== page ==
Schatz Calls For More Funding For Social Service Nonprofits In Next Coronavirus Relief Bill

During Pandemic, Nonprofits Are On Front Lines Feeding Vulnerable Communities, Providing Housing And Medical Assistance

HONOLULU – Today, U.S. Senator Brian Schatz (D-Hawai?i) led a group of 27 senators to urge Senate leadership to include additional emergency funding for nonprofit organizations in the next COVID-19 relief bill. Nonprofits are an essential part of the frontline coronavirus pandemic response, providing important social services such as nutrition assistance, shelter for those experiencing homelessness, child care and education programs, and care for victims of domestic and sexual violence. 

“Nonprofits are fast, they are nimble, and they are on the frontlines. And as we ask them to do more, they are facing revenue shortfalls. These institutions are absolutely pivotal to our survival and our recovery,” said Senator Schatz.

While demand for nonprofit services is increasing, these organizations are facing significant economic hardship. The Coronavirus Aid, Relief, and Economic Security (CARES) Act provided $350 billion in partially forgivable loans to small businesses and nonprofits, but this funding ran out within weeks. The $310 billion in new funding for this loan program passed by Congress last week is also expected to quickly run dry. Rather than requiring nonprofits to compete for limited resources with small businesses, the senators are calling for a significant increase in funding specifically for nonprofits.

The letter was also endorsed by 53 organizations, including the National Council of Nonprofits, Boys & Girls Clubs of America, Meals on Wheels, YWCA USA, YMCA of the USA, and National Health Council. For a full list, click here.

The full text of the letter is available here and below:

 

Dear Leader McConnell, Leader Schumer, Chairman Shelby, and Vice Chairman Leahy:

As you work on the next legislative package to address the novel coronavirus (COVID-19) pandemic, we strongly encourage you to ensure that nonprofits are protected by including additional emergency funding.  Nonprofits provide essential social services for many Americans, including food, shelter, and medical services.  During this public health crisis, communities nationwide are relying on nonprofit services to survive—more and more each day.  At the same time as this increased demand, nonprofits are facing significant economic hardship.

Providing the nonprofit sector increased emergency funding for targeted state formula grants and programs will ensure that national and local organizations can maintain a continuity of services.  These funds must be distributed quickly through multiple existing funding streams, including emergency grants to nonprofits operating under existing federal grants, as well as through sub-grantees for state or local governments, or other pass-through entities.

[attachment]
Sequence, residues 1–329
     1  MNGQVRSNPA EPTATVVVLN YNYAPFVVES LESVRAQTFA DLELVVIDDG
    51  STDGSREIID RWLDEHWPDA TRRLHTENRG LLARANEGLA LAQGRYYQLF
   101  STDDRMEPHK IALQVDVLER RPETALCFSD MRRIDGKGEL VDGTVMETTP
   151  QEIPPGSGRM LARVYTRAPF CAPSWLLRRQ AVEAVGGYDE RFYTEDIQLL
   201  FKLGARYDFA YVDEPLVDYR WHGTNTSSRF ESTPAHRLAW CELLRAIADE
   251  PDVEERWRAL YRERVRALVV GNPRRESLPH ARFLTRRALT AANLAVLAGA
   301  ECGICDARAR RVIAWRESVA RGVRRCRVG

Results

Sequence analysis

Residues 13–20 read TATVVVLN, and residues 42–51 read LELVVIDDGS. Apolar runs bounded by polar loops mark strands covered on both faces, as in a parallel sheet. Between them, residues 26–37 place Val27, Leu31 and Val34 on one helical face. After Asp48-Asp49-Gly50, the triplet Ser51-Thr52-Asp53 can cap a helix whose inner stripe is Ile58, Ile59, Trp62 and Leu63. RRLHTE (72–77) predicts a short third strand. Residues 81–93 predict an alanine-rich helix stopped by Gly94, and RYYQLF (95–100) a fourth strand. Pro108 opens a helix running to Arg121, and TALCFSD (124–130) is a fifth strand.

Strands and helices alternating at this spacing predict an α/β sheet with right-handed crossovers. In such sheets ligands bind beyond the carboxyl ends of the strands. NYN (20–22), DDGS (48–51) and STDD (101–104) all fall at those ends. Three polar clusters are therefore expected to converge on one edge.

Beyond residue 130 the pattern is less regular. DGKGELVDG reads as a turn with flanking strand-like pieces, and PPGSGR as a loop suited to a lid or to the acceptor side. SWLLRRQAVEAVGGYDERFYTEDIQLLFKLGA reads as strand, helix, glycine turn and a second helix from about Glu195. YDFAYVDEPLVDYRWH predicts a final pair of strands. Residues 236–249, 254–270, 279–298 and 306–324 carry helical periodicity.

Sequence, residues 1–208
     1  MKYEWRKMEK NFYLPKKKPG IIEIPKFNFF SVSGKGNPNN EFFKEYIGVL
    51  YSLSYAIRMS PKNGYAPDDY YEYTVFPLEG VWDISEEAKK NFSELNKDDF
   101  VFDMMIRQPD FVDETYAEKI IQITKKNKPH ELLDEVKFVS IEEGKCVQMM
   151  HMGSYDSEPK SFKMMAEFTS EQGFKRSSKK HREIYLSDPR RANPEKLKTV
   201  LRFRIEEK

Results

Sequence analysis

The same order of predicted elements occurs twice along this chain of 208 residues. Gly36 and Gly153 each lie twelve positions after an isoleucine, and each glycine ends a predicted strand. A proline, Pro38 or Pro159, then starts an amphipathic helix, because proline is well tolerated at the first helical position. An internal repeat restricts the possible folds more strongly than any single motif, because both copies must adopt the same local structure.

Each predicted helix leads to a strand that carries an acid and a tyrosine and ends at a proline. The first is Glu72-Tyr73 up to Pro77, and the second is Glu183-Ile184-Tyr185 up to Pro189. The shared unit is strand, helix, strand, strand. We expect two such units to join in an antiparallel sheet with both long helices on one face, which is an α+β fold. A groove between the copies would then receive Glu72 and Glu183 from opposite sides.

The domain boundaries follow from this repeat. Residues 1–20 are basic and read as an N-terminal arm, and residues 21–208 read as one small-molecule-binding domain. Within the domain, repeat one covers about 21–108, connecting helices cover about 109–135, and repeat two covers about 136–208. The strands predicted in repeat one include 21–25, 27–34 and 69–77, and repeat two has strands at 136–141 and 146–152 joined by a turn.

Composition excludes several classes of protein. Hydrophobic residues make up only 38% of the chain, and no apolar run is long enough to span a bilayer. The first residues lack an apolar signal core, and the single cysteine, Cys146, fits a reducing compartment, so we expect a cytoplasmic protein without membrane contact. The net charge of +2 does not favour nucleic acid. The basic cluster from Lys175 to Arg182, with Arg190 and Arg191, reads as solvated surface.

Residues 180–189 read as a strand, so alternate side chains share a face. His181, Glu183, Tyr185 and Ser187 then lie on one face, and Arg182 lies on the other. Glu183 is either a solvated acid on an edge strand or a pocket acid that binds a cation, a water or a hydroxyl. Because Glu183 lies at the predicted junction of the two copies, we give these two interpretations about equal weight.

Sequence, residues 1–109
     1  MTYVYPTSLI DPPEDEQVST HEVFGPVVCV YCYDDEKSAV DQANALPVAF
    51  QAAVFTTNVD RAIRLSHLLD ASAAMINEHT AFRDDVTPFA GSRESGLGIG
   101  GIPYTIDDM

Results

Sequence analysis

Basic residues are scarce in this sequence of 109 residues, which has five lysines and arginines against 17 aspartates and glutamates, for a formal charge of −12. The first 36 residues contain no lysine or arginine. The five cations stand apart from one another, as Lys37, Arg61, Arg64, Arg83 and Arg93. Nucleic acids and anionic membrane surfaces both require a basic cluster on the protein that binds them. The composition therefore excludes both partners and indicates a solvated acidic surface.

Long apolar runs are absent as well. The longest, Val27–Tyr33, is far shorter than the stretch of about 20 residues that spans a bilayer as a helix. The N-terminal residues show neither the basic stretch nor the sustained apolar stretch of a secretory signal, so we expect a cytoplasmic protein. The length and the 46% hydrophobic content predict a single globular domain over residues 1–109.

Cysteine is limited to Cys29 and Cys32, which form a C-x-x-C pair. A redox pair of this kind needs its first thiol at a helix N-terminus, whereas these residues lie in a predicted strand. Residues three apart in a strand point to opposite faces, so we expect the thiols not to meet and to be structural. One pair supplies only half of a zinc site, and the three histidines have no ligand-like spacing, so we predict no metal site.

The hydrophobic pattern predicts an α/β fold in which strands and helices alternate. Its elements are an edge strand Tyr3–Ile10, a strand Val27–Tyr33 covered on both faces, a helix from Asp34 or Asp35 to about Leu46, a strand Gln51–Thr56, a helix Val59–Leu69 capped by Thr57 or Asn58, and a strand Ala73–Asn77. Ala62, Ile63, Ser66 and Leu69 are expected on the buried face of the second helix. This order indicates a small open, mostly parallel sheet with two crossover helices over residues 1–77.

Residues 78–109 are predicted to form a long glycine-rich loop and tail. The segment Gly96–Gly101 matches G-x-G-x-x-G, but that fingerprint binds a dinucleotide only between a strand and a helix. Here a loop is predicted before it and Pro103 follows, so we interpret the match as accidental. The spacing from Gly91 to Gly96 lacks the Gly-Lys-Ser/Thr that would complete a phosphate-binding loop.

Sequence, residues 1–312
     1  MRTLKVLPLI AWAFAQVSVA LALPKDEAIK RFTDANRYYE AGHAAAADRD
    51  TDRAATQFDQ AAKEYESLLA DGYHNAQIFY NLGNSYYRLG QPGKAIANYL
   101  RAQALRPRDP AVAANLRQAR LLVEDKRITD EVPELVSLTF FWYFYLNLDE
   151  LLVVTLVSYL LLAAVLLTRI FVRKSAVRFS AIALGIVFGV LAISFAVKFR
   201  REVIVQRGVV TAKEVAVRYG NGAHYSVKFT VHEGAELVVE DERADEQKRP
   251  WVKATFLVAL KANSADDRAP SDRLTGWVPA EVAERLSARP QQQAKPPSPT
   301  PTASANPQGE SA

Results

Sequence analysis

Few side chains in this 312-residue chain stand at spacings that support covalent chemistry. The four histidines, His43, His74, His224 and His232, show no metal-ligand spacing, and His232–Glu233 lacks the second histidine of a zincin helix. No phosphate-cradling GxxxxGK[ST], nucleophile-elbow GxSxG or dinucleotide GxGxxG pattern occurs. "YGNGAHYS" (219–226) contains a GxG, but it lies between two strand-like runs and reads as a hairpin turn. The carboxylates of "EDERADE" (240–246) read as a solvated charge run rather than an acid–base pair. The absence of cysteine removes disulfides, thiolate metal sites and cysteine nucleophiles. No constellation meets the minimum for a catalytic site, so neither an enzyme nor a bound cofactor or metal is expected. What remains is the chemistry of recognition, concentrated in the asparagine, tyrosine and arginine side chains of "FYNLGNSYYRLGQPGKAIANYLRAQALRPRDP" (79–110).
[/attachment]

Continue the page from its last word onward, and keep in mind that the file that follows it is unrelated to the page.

For example:

  • An additional $55 million for the Family Violence Prevention and Services Act programs and $100 million for the Sexual Assault Services Program, which will help service providers to prevent and respond to sexual assault and family and domestic violence, including shelter and supportive services for those who need it;
  • An additional $50 billion for the Child Care and Development Block Grant will assist child care providers, as well as child care resource and referral agencies, as they provide emergency child care for first responders and essential workers, ensuring that these providers are able to remain open and that the child care system remains functioning for families to get back to work and school as we recover from this crisis;
  • An additional $500 million for the 21st Century Community Learning Center program will allow afterschool and summer learning programs to provide services to keep children on track academically through this school year and the summer, and even into the next school year;
  • Additional funding for the Title V Maternal and Child Health Block Grant and the Maternal, Infant, and Early Childhood Home Visiting Program as well as other public health programs;
  • Additional funding for the Older Americans Act and Administration for Community Living programs that provide in-home assistance, legal services, language assistance, nutrition services, and other vital services and supports older adults and people with disabilities need to stay healthy at home and to prevent negative impacts of prolonged social isolation;
  • An additional $100 million to expand the Department of Labor’s Employment and Training Administration programs for national out-of-school time organizations to help support essential-skills development, career exposure, employability & certification and work-based learning; and
  • An additional $4.1 billion for the Social Services Block Grant, with a 5 percent set-aside for tribes, to support critical social services for vulnerable populations, including those at risk of family violence and abuse, children and youth in foster care, older adults struggling with hunger, and other supports.

These are a few of the existing funding streams that the next coronavirus package should support with an increase in appropriations to meet an immediate need.  The Coronavirus Aid, Relief, and Economic Security Act was a positive first step to aid the nonprofit sector.  The nonprofit community will continue to play an essential role in coronavirus response, and we need them to scale up and meet an increase in demand.  A rapid infusion of funds to nonprofit organizations that are partnering with state and local governments will help frontline responders and vulnerable families.

As we draft legislation both to mitigate and recover from this pandemic, we must give nonprofits the support they need to lead their communities out of this crisis.  Thank you for your consideration of this request.

Sincerely,

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